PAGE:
Started: 25 January 2013
Finished: 30 January 2013
"We have been so very fortunate to have so wild and reckless a daughter as Jubilee. Obviously she was sent to teach us wisdom." So says her mother as we begin to follow Jubilee's adventures in their very strange and artificial world.
The book is Jubilee's "hero's journey" but also an SF story of world exploration: almost as if Ringworld were told from the point of view of one of its residents. And what an odd world it is. Perhaps three nights in ten a silver fog rises in the valleys, a fog that destroys every living thing it touches. But the silver also leaves behind gifts: veins of metals that can be mined, or follies like gazebos or machinery seemingly plucked at random out of history and deposited on low hilltops or valley bottoms. The only protection from the silver are the kobold wells: eruptions in the earth from which small mechanical insects crawl, each with a specific and catalogued purpose like exuding a chemical which repels the fog.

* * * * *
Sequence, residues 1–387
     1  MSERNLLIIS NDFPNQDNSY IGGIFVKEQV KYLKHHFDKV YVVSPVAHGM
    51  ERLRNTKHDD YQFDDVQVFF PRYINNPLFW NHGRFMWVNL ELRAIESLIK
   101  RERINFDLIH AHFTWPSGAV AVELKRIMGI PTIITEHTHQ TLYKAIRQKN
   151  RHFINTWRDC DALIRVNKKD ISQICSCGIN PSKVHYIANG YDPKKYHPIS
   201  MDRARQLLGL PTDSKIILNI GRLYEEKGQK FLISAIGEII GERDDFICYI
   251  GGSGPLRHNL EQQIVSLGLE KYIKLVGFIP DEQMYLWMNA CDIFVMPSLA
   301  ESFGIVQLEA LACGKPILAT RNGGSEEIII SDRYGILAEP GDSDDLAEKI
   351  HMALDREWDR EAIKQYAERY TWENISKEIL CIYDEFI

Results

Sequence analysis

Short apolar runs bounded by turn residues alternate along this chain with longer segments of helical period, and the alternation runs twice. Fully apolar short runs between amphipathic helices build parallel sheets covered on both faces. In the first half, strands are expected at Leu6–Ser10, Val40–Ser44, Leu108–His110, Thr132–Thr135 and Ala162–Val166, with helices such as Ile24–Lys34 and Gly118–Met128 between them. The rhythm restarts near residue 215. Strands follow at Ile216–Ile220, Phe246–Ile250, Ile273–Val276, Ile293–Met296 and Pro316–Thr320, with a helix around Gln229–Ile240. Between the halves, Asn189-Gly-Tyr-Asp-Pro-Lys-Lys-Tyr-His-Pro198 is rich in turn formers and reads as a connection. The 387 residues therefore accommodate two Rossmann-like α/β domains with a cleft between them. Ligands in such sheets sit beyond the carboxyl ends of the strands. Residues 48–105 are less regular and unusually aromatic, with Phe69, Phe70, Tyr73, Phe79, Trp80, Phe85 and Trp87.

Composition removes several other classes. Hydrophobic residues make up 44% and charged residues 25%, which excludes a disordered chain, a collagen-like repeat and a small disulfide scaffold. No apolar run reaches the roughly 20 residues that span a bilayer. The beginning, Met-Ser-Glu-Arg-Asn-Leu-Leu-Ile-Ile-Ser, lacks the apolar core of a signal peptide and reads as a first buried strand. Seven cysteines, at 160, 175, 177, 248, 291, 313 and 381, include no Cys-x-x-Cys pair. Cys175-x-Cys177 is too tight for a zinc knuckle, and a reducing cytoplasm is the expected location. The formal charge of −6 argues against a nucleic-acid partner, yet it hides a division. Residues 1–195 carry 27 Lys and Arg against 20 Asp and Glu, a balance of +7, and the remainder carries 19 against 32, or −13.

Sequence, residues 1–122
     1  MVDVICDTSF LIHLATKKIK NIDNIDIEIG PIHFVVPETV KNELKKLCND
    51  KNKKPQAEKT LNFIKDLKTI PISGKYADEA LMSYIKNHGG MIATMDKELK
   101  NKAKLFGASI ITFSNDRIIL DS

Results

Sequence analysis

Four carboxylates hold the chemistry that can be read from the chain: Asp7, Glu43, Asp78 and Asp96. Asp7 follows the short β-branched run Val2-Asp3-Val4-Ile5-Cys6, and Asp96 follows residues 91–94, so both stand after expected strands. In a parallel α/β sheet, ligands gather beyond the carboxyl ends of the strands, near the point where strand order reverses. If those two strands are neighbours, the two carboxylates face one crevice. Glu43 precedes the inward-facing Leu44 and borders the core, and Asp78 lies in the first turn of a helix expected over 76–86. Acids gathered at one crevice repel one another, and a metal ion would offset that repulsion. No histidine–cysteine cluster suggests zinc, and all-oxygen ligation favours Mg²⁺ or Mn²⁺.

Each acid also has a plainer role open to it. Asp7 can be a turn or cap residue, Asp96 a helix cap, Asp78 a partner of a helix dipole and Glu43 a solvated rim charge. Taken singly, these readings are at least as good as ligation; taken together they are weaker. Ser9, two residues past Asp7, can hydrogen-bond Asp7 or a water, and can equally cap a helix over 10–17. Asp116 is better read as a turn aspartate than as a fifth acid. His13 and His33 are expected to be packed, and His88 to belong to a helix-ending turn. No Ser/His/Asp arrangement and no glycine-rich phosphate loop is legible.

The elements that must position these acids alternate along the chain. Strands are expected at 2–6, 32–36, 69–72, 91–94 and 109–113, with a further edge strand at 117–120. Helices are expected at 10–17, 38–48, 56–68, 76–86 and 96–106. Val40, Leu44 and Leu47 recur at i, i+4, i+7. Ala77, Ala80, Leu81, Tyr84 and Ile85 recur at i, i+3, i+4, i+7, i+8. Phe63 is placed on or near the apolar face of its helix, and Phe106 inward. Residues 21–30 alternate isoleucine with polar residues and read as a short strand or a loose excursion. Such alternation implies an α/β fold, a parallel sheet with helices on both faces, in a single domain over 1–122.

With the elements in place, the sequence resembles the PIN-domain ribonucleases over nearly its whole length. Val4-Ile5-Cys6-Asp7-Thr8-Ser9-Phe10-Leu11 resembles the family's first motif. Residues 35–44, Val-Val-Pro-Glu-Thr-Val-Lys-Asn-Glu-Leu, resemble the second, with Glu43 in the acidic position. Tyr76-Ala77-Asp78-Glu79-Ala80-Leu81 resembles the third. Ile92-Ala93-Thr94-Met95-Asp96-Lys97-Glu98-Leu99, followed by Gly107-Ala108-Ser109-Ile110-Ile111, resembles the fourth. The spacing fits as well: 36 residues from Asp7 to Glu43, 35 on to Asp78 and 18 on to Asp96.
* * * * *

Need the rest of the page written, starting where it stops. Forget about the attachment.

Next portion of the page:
Learning about the world and its history is just as much the point of this novel as is Jubilee's quest, so I won't tell you more other than to say that the book is nicely done. And that no pet puppies are harmed in the course of bringing the adventure to its conclusion.